By Amanda Brodhagen, Farms.com
The Senate Agriculture Committee approved a five-year farm bill on Tuesday, which would cut spending while creating new programs and subsidies for farmers. The bill now goes to the Senate floor, with a vote that could be called as early as this month. The farm bill would expand spending on federal crop insurance by 10 per cent, while making cuts to the food stamp portion of the legislation.
The legislation includes concessions to Southern rice and peanut farmers, which Mississippi Sen. Thad Cochran strongly advocated for. The bill seeks to eliminate $5 billion in annual direct payment subsidies, which Southern farmers rely on while making it easier for them to qualify for other subsidies if prices decline. The bill calls for $2.4 billion a year in cuts, while the House version would attempt to save $4 billion out of $100 billion annually. A major chunk of the savings comes from direct payments. The savings would be allocated towards deficit reduction, creation of new programs and subsidies for farmers.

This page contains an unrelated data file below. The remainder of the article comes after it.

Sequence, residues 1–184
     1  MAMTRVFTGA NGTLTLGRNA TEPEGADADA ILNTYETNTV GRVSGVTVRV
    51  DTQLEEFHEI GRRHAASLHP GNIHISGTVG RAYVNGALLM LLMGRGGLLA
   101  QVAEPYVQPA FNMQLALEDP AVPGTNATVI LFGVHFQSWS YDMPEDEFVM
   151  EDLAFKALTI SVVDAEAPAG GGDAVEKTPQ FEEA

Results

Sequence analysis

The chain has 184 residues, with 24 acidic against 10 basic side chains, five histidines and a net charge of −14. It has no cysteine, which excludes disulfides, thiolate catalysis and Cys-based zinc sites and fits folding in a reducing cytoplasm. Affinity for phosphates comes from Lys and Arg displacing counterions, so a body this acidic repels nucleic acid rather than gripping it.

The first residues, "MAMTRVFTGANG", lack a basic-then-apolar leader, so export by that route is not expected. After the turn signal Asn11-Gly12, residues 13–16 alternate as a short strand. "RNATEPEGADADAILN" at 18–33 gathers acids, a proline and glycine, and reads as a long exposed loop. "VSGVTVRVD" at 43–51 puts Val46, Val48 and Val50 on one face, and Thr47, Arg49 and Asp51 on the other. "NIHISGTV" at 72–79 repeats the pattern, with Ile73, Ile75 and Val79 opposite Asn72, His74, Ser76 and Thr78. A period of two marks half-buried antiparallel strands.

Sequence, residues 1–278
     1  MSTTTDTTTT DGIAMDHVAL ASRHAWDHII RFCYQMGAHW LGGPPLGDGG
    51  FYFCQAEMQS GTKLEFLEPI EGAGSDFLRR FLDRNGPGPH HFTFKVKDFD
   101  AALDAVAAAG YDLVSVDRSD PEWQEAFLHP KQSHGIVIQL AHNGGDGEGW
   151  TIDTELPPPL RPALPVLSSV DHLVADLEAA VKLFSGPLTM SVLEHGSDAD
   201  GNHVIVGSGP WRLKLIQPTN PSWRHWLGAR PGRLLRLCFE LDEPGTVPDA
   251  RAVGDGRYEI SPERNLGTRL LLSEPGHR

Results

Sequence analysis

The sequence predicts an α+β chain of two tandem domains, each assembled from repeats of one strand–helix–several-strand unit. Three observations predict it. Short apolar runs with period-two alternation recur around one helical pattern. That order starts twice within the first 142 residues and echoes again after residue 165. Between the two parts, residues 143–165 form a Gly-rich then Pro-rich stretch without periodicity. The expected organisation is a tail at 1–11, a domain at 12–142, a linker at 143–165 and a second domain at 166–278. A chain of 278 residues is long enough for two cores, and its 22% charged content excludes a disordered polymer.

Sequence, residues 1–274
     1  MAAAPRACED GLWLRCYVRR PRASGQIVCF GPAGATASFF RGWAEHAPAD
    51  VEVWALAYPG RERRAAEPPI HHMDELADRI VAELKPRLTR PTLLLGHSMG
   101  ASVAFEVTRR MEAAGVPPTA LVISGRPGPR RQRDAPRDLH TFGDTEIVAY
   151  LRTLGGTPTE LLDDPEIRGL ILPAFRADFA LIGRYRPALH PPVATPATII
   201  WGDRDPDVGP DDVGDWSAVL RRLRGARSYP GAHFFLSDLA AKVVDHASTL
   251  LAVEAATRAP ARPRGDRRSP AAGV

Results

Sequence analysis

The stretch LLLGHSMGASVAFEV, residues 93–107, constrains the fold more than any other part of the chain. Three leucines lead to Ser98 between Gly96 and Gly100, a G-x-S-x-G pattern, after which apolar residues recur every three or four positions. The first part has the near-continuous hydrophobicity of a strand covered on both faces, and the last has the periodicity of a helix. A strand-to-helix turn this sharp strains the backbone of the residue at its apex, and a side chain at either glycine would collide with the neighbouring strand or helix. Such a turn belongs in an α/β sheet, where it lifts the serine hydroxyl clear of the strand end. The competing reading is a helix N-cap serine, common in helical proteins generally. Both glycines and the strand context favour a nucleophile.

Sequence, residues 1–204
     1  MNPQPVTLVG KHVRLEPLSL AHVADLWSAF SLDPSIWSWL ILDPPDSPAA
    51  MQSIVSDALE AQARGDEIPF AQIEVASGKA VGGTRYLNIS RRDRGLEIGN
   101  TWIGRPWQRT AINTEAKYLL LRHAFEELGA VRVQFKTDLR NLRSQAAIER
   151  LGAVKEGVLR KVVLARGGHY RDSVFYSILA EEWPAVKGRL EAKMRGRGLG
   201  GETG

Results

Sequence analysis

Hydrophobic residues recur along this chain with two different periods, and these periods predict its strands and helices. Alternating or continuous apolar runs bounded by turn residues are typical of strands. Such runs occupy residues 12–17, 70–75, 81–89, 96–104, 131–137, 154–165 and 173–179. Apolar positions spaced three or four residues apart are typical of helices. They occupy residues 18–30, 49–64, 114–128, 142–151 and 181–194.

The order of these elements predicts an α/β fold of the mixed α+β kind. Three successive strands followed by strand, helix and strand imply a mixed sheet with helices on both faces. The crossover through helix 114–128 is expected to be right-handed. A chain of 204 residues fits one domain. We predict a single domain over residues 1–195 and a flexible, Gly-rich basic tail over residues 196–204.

The extended farm bill expires Sept. 30.